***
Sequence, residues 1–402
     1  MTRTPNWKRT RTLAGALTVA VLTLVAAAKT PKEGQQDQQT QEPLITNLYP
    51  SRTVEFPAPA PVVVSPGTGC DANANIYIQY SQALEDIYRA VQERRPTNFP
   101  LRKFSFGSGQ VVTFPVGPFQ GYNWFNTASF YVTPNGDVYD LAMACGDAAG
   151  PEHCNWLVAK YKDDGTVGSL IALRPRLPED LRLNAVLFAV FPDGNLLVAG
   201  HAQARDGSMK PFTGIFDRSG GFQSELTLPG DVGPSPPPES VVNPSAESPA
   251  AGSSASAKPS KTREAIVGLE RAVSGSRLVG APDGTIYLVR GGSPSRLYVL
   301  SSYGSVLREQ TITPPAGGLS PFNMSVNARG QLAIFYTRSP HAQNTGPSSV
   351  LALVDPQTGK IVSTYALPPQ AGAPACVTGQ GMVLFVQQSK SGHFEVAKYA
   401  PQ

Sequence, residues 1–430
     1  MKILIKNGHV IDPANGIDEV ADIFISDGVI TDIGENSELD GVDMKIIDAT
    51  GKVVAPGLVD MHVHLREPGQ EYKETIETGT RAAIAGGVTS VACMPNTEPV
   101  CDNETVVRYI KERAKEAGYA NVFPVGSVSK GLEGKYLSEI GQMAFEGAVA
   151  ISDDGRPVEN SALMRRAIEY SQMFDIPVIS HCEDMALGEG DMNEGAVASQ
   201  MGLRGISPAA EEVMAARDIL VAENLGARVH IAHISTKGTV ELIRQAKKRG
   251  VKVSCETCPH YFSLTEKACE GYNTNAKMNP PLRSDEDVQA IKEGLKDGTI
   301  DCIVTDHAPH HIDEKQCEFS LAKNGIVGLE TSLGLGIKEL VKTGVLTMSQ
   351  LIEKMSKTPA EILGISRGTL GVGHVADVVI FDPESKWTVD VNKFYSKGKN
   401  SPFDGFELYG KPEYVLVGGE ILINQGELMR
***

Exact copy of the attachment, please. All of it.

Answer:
Sequence, residues 1–402
     1  MTRTPNWKRT RTLAGALTVA VLTLVAAAKT PKEGQQDQQT QEPLITNLYP
    51  SRTVEFPAPA PVVVSPGTGC DANANIYIQY SQALEDIYRA VQERRPTNFP
   101  LRKFSFGSGQ VVTFPVGPFQ GYNWFNTASF YVTPNGDVYD LAMACGDAAG
   151  PEHCNWLVAK YKDDGTVGSL IALRPRLPED LRLNAVLFAV FPDGNLLVAG
   201  HAQARDGSMK PFTGIFDRSG GFQSELTLPG DVGPSPPPES VVNPSAESPA
   251  AGSSASAKPS KTREAIVGLE RAVSGSRLVG APDGTIYLVR GGSPSRLYVL
   301  SSYGSVLREQ TITPPAGGLS PFNMSVNARG QLAIFYTRSP HAQNTGPSSV
   351  LALVDPQTGK IVSTYALPPQ AGAPACVTGQ GMVLFVQQSK SGHFEVAKYA
   401  PQ

Sequence, residues 1–430
     1  MKILIKNGHV IDPANGIDEV ADIFISDGVI TDIGENSELD GVDMKIIDAT
    51  GKVVAPGLVD MHVHLREPGQ EYKETIETGT RAAIAGGVTS VACMPNTEPV
   101  CDNETVVRYI KERAKEAGYA NVFPVGSVSK GLEGKYLSEI GQMAFEGAVA
   151  ISDDGRPVEN SALMRRAIEY SQMFDIPVIS HCEDMALGEG DMNEGAVASQ
   201  MGLRGISPAA EEVMAARDIL VAENLGARVH IAHISTKGTV ELIRQAKKRG
   251  VKVSCETCPH YFSLTEKACE GYNTNAKMNP PLRSDEDVQA IKEGLKDGTI
   301  DCIVTDHAPH HIDEKQCEFS LAKNGIVGLE TSLGLGIKEL VKTGVLTMSQ
   351  LIEKMSKTPA EILGISRGTL GVGHVADVVI FDPESKWTVD VNKFYSKGKN
   401  SPFDGFELYG KPEYVLVGGE ILINQGELMR